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Many New Hampshire voters can't wait for the primary to be over — the campaign ads plastering the local airwaves, the robo-calls from candidates, the reporters swarming their cities and towns. But for some New Hampshire businesses, primary season is a gift.
Consider Eric Johnston. He loves the New Hampshire primary. He and his wife Darlene run a bed-and-breakfast in downtown Manchester called the Ash Street Inn. In a typical January, they'd be lucky to have 25 rooms filled the whole month. But so far this January, "I think right now we're up to 70,” he said.
All of this is thanks to the primary. In fact, the inn has been sold out for much of this week, with all five of its rooms booked for multiple-night stays. Because when the primary comes to New Hampshire, people like Dan Schulman come to town. Schulman is with Mother Jones magazine and is covering the Republican primaries with a colleague.
"We were searching about last-minute and everything was booked,” Schulman explained. “We managed to get the last few rooms here."
That's joyful news to small-business owners like the Johnstons, especially in a season when business is usually nearly dead, "because in January, February and March, there is no reason to come to Manchester on purpose,” Eric Johnston said. Unless you're a business traveler, and the Ash Street Inn does get some of those. But the New Hampshire primary draws many other types of visitors.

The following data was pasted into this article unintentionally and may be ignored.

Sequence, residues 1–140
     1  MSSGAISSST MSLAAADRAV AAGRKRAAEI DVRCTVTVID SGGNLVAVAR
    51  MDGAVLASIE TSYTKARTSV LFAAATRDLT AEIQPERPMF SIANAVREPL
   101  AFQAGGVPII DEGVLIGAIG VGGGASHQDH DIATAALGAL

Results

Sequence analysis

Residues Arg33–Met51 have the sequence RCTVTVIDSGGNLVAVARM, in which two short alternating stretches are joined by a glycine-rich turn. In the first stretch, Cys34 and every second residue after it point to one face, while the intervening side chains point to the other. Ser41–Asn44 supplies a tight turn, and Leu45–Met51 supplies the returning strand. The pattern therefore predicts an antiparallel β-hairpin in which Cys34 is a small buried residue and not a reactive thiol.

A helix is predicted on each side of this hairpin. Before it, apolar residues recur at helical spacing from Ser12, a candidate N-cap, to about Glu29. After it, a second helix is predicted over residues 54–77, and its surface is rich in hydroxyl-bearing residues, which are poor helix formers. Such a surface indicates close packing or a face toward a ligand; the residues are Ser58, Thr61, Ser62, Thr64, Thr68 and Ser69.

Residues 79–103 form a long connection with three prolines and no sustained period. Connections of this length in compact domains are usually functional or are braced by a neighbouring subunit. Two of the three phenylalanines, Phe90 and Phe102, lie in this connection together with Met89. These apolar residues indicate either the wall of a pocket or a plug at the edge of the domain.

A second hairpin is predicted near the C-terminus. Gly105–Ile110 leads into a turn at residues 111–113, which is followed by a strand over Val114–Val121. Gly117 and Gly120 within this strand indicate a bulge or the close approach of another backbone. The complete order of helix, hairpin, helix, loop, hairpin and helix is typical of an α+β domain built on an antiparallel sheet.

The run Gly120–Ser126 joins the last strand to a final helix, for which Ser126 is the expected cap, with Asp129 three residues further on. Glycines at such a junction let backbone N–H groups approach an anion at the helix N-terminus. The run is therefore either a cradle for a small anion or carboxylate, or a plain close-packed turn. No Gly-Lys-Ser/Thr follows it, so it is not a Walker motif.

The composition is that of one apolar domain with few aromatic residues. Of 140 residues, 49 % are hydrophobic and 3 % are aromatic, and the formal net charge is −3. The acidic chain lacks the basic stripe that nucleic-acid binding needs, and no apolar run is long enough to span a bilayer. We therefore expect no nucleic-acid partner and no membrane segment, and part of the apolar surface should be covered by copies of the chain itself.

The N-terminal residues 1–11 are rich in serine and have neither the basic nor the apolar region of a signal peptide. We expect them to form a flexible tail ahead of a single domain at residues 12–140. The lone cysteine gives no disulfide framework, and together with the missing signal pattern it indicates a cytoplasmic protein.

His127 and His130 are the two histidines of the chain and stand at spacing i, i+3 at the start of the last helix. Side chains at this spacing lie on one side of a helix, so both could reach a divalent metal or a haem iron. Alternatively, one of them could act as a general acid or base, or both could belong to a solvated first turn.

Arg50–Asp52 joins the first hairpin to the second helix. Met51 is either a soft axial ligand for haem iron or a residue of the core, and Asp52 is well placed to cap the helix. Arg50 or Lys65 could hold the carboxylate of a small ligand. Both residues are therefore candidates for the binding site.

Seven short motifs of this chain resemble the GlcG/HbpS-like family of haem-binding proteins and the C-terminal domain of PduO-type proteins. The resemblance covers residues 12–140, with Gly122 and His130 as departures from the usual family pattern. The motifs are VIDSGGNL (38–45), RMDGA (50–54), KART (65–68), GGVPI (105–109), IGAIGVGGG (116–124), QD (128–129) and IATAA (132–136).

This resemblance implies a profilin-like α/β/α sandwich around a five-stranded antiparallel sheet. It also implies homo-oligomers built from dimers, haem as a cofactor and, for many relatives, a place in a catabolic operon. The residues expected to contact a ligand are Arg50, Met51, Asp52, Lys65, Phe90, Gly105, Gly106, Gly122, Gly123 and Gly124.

"Three of the rooms are media, and the other ones that have been here are political junkies, like people who come from out of state to go to candidates' events and be bystanders to the political theater," Eric Johnston said.
“We've had bankers from Seattle and lawyers from Chicago and people who just drop what they're doing for two weeks out of a year and come and hand out leaflets and make phone calls,” added Darlene Johnston.
For the dining and lodging sector in particular, especially in the hub of Manchester, spillover revenue from the primary flows generously.
“But we don't get the candidates,” she said. “The candidates want to be some place where they can be seen. And with our five little rooms, nobody sees them here."
"Probably the biggest name that we ever had was, at the last primary, Dan Rather was here,” Eric Johnston recalled. “Oh yeah — right there. Yup. Right in that room!”
As we were talking in the inn's breakfast room, another guest stepped in to grab a cup of tea.
"He's the economist,” Eric Johnston whispered to me. “Washington bureau chief for The Economist."
Indeed it was.
That journalist, Peter David, had traveled to New Hampshire from Britain to cover the primary and had booked a room at the inn for more than a week. David remarked that he's noticed that many other businesses in Manchester — restaurants, cafes — have seemed unusually packed.
"So obviously democracy is not only a very valuable thing to have for political reasons,” David said, “but a terrific boon to the local economy."
The Johnstons can attest to that. The Ash Street Inn's rooms normally top out at $169 this time of year — but not right now.
“With the primary, they're $199,” Johnston said.
And are people paying that?
"Oh my God, yes,” he said. “They think we're crazy for not charging enough."
Not every business benefits from the primary, and not every part of the state. But for the dining and lodging sector in particular, especially in the hub of Manchester, spillover revenue from the primary flows generously.
"All the little guys are getting a huge bump,” Johnston said. “You know, we're talking about like a 10 percent bump in revenue for our year, all in one month. It's nice. My banker will be happy."
This program aired on January 10, 2012.
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